- I am generally a late adopter when it comes to technology
- I own a 3D TV
Admittedly these are seemingly two contradictory statements, given that only a very small percentage of the North American population currently own 3D TVs. I likely wouldn't have bought one (yet) in it weren't for the following:
- I got a fantastic deal on the TV
- I really, really wanted to play 3D video games on my PS3
Did I need a 3D TV? No... Did I even need a new TV? No... Do I love my 3D TV? YES!
In my research and in speaking with people on the subject it is clear to me that the vast majority of the population have zero interest in buying a 3D TV, or to be more specific, they THINK they have zero interest in buying a 3D TV.
Common statements I hear include, among others:
- 3D is just a gimmick
- I just upgraded to a HDTV a couple years ago
- Watching 3D gives me a headache
- I will look silly wearing 3D glasses in my home
- Why would I want to watch the news in 3D?
I'll address each of the points above, provide my own opinion, and suggest some possible trading ideas to benefit from the upcoming 3D TV wave.
3D Is Just A Gimmick
Those who make this statement usually point to the fact that 3D seems to show up every decade or so and then disappear as quickly as it appears. Those who make this statement fail to recognize that 3D movies in the 60's or 70's have little in common with the current 3D environment.
For one, the technology is completely different. Polarized, or shutter glasses technology bears little resemblance to the old red/blue paper glasses of old. The effects today are far more impressive and immersive than the effects achieved several decades ago. Two, manufacturers have only just recently been able to affordably produce TVs capable of showing high definition stereoscopic images in the home. And three, never before have the major movie houses and equipment manufacturers invested so much in 3D technology. These companies have an incentive for 3D to stick around, and are going to continue to put a lot of effort into it to make sure it does.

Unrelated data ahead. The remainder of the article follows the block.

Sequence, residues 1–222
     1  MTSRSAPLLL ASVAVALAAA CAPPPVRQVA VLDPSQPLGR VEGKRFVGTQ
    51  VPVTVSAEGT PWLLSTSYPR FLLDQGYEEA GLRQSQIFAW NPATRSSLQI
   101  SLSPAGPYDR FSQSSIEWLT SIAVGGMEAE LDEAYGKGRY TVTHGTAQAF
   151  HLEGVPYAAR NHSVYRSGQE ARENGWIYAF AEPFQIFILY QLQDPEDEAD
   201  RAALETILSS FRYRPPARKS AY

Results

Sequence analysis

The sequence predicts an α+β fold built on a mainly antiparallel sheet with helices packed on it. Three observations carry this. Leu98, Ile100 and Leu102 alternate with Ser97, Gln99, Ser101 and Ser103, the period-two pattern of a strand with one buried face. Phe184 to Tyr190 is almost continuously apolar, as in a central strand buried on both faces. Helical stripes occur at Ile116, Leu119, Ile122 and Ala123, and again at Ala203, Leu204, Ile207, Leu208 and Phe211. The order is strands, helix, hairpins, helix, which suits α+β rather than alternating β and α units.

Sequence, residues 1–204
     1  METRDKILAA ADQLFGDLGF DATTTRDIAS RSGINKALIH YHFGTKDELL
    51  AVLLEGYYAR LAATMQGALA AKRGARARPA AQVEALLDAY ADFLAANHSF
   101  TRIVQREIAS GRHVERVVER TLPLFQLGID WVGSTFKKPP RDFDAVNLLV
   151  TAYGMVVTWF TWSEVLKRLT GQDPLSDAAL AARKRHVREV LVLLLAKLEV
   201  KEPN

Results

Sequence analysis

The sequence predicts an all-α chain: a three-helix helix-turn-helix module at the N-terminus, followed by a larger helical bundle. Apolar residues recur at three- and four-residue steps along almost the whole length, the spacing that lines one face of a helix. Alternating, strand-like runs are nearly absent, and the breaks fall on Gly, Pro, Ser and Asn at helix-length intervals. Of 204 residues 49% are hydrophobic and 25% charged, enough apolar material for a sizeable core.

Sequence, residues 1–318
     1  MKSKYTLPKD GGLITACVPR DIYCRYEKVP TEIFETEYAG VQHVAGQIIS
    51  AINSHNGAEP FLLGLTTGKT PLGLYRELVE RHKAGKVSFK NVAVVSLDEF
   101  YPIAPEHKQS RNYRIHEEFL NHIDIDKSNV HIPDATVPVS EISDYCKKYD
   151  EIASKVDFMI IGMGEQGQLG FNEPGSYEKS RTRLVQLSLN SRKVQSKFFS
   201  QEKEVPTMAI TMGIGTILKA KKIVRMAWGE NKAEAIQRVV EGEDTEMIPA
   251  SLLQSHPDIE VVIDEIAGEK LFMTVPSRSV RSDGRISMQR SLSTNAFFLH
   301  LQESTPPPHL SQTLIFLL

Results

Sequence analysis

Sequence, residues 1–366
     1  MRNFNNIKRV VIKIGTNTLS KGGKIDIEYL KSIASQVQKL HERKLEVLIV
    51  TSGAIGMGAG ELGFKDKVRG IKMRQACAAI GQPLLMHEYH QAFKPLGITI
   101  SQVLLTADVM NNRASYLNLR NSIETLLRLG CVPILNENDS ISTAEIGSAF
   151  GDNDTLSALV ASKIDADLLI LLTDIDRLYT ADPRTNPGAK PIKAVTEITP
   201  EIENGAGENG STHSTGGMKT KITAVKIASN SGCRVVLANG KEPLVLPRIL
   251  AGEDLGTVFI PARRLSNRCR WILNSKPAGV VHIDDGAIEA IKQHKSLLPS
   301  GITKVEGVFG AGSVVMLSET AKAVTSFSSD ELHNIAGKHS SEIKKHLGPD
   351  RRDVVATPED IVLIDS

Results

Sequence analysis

I Just Upgraded To A HDTV A Couple Years Ago
Ok, this argument has some validity. Not everyone is ready to go out and buy a new 3D TV this year. But the fact is that those who decide to wait are actually MORE likey to buy a 3D TV (eventually), since it is likely that in 2-3 years time virtually all TVs sold will be 3D ready. Just like today virtually all TVs are HDTVs vs. standard definition.
Watching 3D Gives Me A Headache
This argument is the most sound. Statistically, 10-15% of the population has some sort of problem watching 3D images comfortably. Of course these 10-15% also tend to be the most vocal about their hatred of all things 3D. Nobody said that 100% of the population needs to want 3D in their homes. And just because someone does not enjoy 3D themselves does not mean that their husband, wife, or children do not enjoy it. How many parents have no interest in video games, yet shell out thousands a year on gaming systems and video games for their kids?
I Will Look Silly Wearing 3D Glasses In My Home
This one I actually don't understand at all. I mean really? Most of the population is butt ugly to begin with, and just as many have zero fashion sense. But their main concern about 3D is "looking silly" in their own homes? I understand that 3D glasses are uncomfortable for some people, but we are already starting to see 3d party companies coming out with lighter and more stylish glasses, so I don't really see this as an issue in the long run.
Why Would I Want To Watch The News In 3D?
Those who make this argument are completely missing the point. Even once the majority of TVs sold are 3D capable, most time will still be spent watching 2D. 3D will generally only be used to watch certain movies, sporting events and video games (and possibly porn).
So Does 3D TV Have A Future?
Why is it that 3D TV sales have generally disappointed to date? It all comes down to content. Quite frankly there just hasn't been enough 3D content available to make purchasing a 3D TV a rationale choice for many. I believe that is about to change in 2011. For one, there is going to be many more 3D movies released on Blu-Ray this year. Second, more and more broadcasters are beginning to experiment with 3D channels and 3D video on demand. Thirdly, 3D video games are just beginning to hit the market.